Daily Newspaper for Reeves County, Trans Pecos, Big Bend, Far West Texas

Main Menu|Archives Menu|Classified|Advertising|Monahans|


Tuesday, September 17, 1996

Milk price rise offers some aid to local dairies

Return to Menu

Staff Writer

PECOS, September 17, 1996 - High feed prices have forced up the price of
milk and other dairy products in the free market created by the 1995
farm bill.

Estimates are that milk could go to $3 a gallon in some markets after
the Oct. 1 increase. The dairy owner will get about $1.29 of that.

In fact, store prices for dairy goods could increase 12 percent this
year, says Donald Ratajczak, director of the economic forecasting
project at Georgia State University.

Greg Mitchell, co-owner of Trans-Pecos Dairy, said the price increase
is late in coming.

"We should have had more last May and June," he said.

Feed prices have gone out of sight this year, Mitchell said. Grain
stocks were depleted, and there is little hope that they can be
replenished next year.

Mitchell said he has been able to buy much of his hay and silage from
local producers, but he must import grain, cottonseed and soy products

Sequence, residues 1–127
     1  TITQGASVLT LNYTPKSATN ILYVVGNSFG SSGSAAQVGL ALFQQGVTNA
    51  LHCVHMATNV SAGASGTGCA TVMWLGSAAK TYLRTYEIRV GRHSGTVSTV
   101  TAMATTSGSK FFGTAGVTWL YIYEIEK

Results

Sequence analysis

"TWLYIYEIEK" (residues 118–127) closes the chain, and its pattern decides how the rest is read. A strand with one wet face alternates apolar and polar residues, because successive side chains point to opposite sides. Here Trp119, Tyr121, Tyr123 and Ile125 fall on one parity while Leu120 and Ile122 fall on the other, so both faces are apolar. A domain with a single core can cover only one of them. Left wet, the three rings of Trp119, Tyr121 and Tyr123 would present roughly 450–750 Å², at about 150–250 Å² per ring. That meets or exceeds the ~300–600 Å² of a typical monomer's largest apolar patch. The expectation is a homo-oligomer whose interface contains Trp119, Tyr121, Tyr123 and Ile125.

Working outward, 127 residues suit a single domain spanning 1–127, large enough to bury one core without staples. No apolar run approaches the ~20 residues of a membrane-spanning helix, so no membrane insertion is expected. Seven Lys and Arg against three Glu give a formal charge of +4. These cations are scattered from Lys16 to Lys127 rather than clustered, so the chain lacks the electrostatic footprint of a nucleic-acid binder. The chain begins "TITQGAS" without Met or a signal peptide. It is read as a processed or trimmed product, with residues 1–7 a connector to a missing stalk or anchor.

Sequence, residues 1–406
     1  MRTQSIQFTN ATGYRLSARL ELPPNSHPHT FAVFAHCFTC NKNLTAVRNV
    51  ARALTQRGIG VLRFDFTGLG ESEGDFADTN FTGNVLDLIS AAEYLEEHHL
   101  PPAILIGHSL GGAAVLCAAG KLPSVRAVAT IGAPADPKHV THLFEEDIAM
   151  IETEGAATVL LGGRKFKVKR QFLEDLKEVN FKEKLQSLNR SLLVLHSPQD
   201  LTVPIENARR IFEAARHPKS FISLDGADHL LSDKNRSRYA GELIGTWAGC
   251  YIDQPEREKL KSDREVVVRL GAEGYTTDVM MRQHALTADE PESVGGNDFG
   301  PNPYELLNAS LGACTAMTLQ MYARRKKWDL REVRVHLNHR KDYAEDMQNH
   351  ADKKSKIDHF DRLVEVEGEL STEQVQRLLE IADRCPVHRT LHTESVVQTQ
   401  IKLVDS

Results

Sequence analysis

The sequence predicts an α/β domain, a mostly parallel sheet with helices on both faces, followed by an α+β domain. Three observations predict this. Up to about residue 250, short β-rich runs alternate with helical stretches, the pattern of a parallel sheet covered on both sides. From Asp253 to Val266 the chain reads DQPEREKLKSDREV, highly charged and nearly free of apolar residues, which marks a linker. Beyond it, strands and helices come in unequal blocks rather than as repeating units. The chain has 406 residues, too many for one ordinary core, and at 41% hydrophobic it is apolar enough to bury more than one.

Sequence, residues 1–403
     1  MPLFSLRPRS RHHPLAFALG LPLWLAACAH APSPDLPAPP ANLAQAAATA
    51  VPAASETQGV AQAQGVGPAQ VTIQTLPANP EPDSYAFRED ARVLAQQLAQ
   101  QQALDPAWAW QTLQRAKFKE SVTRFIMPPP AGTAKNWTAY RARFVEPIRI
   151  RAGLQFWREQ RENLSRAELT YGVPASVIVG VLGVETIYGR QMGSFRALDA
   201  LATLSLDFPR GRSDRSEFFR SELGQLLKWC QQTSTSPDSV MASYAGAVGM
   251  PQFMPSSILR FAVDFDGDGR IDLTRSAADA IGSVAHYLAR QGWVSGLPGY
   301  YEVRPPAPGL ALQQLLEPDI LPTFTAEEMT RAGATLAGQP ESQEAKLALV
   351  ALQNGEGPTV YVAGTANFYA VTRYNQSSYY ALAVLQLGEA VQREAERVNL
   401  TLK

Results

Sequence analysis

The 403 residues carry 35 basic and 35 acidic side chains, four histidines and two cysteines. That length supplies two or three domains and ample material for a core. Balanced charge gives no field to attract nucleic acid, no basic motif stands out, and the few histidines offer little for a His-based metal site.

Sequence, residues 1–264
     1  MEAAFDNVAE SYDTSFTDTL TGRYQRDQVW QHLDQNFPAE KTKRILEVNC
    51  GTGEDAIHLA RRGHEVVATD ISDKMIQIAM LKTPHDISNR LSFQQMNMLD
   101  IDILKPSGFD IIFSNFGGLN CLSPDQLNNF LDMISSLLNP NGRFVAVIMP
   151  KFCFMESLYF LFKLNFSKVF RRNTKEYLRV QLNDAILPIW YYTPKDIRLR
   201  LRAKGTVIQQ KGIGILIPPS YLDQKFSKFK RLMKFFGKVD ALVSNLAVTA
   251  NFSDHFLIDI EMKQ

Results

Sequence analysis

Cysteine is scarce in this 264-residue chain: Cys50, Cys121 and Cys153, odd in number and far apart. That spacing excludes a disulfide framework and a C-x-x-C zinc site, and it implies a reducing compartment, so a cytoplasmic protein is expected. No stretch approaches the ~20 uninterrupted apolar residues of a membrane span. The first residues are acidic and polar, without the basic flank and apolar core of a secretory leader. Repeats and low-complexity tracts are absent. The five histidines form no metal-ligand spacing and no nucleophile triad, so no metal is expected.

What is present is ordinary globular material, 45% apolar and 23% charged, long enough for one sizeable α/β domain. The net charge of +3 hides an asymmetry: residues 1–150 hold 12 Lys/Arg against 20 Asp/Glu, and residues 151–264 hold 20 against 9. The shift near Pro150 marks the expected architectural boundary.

from other areas. Much of it comes from Kansas, and he is buying soy
hulls out of Illinois now.

His feed prices increased 30-35 percent this past year, he said.

Caught in the squeeze between high feed prices and low prices for
cattle culled from the herd, dairymen like the Mitchells have had a
tough year. Herd reduction has played a part in pushing up the price of

Milk cooperatives are changing their marketing methods to cut their
overhead, and in some ways that has added to the dairyman's headaches.

Mitchell said small dairies are especially hurting because buyers want
to pick up a full load of milk at one dairy, rather than traveling to
several locations for smaller amounts to make up a load.

He expects the trend to be for existing dairies to expand, but he's not
in a position to do that now.

"Maybe in a few years," he said. "Right now everything is just holding

Despite a big push to attract new dairies to this area, the market
won't support it at this time, said C.W. Roberts, Reeves-Loving counties
extension agent.

"Until there is some marketing changes, I really don't expect any to
come in," Roberts said. "The co-ops have all the milk they can handle."

He said producers in this area have had some good look with forages for
dairies - hay and silage - which should help existing dairies.

"Hay and silage are the main things right now," Mitchell said. "It is
hard to grow good hay down here. Everybody is still trying to figure out
what you have to do to get the amount of tonnage to make it pay. There's
a trick to growing it in this heat."

Mitchell said forage crops are easier to grow in New Mexico, and
dairies have proliferated there, most moving from California. But
dairymen in New Mexico have complained they are not getting a fair price
for their milk.

One reason is that companies that purchase the milk, such as San
Antonio-based H.E.B., want all the milk to be at 38-39 degrees and clean
to increase shelf life.